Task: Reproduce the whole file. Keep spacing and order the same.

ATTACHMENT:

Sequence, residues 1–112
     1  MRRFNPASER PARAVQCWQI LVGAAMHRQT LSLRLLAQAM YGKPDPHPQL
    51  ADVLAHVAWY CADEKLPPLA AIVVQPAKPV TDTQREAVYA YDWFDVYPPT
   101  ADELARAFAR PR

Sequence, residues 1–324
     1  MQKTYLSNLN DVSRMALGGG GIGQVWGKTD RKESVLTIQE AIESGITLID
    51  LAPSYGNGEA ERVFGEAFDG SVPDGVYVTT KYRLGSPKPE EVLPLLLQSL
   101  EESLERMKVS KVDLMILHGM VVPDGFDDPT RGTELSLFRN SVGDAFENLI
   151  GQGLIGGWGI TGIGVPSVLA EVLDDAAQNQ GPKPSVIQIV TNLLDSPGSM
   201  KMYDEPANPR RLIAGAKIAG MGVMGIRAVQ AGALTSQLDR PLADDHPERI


Sequence, residues 1–112
     1  MRRFNPASER PARAVQCWQI LVGAAMHRQT LSLRLLAQAM YGKPDPHPQL
    51  ADVLAHVAWY CADEKLPPLA AIVVQPAKPV TDTQREAVYA YDWFDVYPPT
   101  ADELARAFAR PR

Sequence, residues 1–324
     1  MQKTYLSNLN DVSRMALGGG GIGQVWGKTD RKESVLTIQE AIESGITLID
    51  LAPSYGNGEA ERVFGEAFDG SVPDGVYVTT KYRLGSPKPE EVLPLLLQSL
   101  EESLERMKVS KVDLMILHGM VVPDGFDDPT RGTELSLFRN SVGDAFENLI
   151  GQGLIGGWGI TGIGVPSVLA EVLDDAAQNQ GPKPSVIQIV TNLLDSPGSM
   201  KMYDEPANPR RLIAGAKIAG MGVMGIRAVQ AGALTSQLDR PLADDHPERI